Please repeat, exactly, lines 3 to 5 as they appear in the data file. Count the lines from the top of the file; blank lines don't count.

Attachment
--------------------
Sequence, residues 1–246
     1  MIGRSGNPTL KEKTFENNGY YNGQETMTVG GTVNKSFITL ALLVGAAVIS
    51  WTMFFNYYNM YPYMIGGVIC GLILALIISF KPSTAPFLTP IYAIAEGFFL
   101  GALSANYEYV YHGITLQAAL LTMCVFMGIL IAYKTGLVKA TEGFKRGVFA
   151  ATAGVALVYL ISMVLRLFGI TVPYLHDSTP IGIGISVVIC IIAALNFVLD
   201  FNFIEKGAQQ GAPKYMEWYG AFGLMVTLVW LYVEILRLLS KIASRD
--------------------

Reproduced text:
    51  WTMFFNYYNM YPYMIGGVIC GLILALIISF KPSTAPFLTP IYAIAEGFFL
   101  GALSANYEYV YHGITLQAAL LTMCVFMGIL IAYKTGLVKA TEGFKRGVFA
   151  ATAGVALVYL ISMVLRLFGI TVPYLHDSTP IGIGISVVIC IIAALNFVLD